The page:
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Beyond the Bale : March 2017
Australia’s biosecurity framework is strong by international standards. However, prompted by foot-and-mouth and mad cow disease outbreaks in other countries during the past two decades, Animal Health Australia (AHA) and its members, notably the Department of Agriculture and Water Resources, have sought to strengthen Australia’s biosecurity system. WOOL INDUSTRY’S EXPOSURE The Australian wool industry’s strong export orientation, absolute dominance of global fine apparel wool production, and efficient logistical systems are unique strengths and great achievements. However, they also pose a major risk to the global wool textile industry should Australia ever face an outbreak of an EAD affecting sheep, such as foot and mouth disease (FMD), or sheep and goat pox. A number of these disease agents, such as FMD virus, can survive on greasy wool for a period of up to months, leading to a situation where shorn wool in bales is potentially infectious. Given the scale and efficiency of our logistical system, where bales of wool can be shorn in Queensland and sold and containerised for export in Melbourne within weeks, the post-farm gate aspects of EAD BEING PREPARED FOR TRADE IMPACTS OF EXOTIC DISEASES The Australian wool industry has a robust strategy to minimise the potential trade impacts on the industry if an emergency animal disease (EAD) outbreak was to occur. management are critical, and quickly take on an international trade dimension. “If history is a guide, our trading partners would immediately place a ban on imports of Australian wool and this ban would remain in place until each country’s authorities were satisfied that the wool posed no threat to their own national biosecurity,” said AWI General Manager Research, Dr Paul Swan. “In the recent past, other countries have had greasy wool exports banned for months. In our case, this would be enormously disruptive to the global supply chain, and would place enormous pressure on our domestic systems for ensuring rapid bale traceability, decontamination and disinfection – at a time disease control authorities would be very focussed on localising and eradicating the disease at farm level.” While scouring wool is known to kill the disease agents, there are currently only three wool scours in Australia, with a total scouring capacity of 15.5mkg, which is nowhere near sufficient to process Australia’s annual production of 240-245mkg greasy wool to meet demand in a timely way. An EAD outbreak would impose very substantial financial costs on the wool industry. The trade impact alone was estimated in 2013 by ABARES to potentially cost the Australian wool industry $2.2 billion over ten years, although the revenue losses would be relatively low for wool compared with other commodities such as meat and dairy. WOOL INDUSTRY’S RESPONSE It is clear that effective EAD prevention, a speedy response to an outbreak should it occur, and well-planned trade continuity measures are critical for the Australian (and indeed the global) wool industry. As a consequence, the Federation of Australian Wool Organisations (FAWO) with the assistance of AWI has developed a three-year Australian wool industry EAD preparedness research, development and extension (RD&E) strategy for 2016/17-2018/19. FAWO Chair Robert Ryan says this strategy is an update of the first such plan, which spanned the preceding three-year period. “Changes in this revised strategy take account of progress made under the first plan and some minor developments in the EAD operating environment,” Mr Ryan said. “The strategy aims to ensure that the wool industry has in place all the components of an effective EAD response. Just as importantly, it aims to establish in the industry the systems and culture that will ensure EAD preparedness is subject to an approach of continuous improvement. “In the event of an EAD, the goals would be to minimise disruption to flows of Australian wool to the world’s markets, and minimise reputational damage to the Australian industry. The aim would also be to achieve the most rapid possible return to normal business for woolgrowers, customers and others in the wool industry pipeline.” This strategy specifically addresses the shorn wool pipeline from farm to market; that is, it is concerned with the mitigation CONTINUED OVERLEAF (BOTTOM) The Australian wool industry’s emergency animal disease (EAD) preparedness research, development and extension strategy for 2016/17-2018/19 aims to minimise disruption to flows of Australian wool to the world’s markets, should an EAD outbreak occur. The previous EAD preparedness strategy won an Australian Biosecurity Award in 2014. Pictured are AWI’s Dr Paul Swan; FAWO Secretary, Bianca Heaney; FAWO Chair, Robert Ryan OAM. PHOTO: Steve Keough Photography ON FARM 41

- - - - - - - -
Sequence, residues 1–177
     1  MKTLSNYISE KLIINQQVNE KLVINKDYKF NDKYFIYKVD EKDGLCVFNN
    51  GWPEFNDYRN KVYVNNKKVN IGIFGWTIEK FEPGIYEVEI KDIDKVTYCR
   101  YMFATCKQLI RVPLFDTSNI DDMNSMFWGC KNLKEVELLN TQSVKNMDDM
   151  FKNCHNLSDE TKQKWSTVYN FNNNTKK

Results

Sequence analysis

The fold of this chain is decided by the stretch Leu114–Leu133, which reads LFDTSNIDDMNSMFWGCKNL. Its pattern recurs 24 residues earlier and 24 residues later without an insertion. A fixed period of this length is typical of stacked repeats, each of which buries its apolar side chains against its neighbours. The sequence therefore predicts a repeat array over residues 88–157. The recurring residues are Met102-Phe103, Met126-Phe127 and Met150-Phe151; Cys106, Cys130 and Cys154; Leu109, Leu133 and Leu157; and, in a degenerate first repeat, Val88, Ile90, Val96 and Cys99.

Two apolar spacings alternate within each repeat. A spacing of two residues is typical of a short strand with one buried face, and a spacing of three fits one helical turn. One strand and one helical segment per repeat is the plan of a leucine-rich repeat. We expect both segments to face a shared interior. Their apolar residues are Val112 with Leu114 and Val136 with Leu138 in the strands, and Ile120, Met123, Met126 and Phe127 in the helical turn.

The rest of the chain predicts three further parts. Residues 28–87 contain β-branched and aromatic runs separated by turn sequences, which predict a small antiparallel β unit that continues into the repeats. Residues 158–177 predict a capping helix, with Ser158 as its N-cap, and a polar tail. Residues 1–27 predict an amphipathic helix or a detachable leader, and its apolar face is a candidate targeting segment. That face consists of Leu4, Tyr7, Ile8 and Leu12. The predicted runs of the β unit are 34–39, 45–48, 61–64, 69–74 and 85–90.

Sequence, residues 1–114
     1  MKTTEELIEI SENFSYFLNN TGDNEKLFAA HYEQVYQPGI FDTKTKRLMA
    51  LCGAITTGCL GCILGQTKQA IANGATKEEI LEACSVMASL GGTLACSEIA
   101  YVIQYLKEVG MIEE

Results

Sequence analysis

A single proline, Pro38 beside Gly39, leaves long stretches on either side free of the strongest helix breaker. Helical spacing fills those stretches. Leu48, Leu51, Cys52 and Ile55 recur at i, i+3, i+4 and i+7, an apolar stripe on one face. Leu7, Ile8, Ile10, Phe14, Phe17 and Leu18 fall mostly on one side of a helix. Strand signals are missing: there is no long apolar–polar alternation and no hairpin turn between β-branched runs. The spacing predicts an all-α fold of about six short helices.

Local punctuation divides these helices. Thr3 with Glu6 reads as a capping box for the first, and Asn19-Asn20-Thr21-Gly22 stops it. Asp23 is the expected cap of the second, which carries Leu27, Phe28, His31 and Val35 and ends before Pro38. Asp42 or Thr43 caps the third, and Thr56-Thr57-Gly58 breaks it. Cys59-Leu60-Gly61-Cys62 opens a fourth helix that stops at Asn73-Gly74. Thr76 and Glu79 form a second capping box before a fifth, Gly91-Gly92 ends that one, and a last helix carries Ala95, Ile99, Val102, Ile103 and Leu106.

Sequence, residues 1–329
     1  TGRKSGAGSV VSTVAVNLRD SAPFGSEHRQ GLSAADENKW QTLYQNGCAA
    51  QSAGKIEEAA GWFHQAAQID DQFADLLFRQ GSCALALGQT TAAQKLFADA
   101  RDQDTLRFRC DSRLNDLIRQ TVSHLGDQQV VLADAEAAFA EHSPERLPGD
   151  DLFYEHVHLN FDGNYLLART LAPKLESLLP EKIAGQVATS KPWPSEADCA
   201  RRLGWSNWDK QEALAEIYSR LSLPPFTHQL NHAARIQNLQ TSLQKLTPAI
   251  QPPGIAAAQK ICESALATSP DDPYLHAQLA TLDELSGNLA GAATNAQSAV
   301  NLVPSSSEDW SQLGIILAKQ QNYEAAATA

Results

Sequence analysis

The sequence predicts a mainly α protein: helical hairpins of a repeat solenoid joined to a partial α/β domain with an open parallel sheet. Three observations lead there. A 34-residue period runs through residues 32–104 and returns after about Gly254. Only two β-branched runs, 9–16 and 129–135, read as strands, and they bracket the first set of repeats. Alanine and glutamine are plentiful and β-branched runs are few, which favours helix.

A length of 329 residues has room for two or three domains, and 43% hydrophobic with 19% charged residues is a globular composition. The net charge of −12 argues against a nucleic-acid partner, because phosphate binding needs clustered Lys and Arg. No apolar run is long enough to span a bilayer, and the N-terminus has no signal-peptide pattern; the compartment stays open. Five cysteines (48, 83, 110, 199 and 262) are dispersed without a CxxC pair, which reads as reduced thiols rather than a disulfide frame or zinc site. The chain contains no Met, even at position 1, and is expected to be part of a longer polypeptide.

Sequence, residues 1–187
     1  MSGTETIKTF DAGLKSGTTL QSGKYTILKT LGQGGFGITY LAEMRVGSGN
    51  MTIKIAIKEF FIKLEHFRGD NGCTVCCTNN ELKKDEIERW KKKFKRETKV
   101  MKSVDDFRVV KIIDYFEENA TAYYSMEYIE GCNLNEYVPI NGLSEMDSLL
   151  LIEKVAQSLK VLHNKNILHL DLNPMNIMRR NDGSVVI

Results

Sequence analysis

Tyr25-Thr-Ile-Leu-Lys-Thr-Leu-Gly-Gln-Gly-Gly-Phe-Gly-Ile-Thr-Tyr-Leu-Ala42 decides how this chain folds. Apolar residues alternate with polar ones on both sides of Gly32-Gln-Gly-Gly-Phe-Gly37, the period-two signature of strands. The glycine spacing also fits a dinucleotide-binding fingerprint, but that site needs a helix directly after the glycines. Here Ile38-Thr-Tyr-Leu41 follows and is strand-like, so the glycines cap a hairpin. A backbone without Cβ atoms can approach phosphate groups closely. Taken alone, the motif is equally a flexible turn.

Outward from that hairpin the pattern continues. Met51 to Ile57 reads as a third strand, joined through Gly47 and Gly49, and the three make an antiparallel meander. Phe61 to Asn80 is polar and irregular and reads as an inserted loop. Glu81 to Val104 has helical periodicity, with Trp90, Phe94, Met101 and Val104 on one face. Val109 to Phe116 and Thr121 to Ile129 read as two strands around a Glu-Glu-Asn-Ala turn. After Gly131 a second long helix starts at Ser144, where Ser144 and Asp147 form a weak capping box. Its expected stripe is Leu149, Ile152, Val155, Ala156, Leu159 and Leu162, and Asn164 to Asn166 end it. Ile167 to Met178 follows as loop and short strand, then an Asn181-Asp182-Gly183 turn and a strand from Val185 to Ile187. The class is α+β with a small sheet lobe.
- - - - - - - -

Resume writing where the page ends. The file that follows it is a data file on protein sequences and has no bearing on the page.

In the Shops - March 2017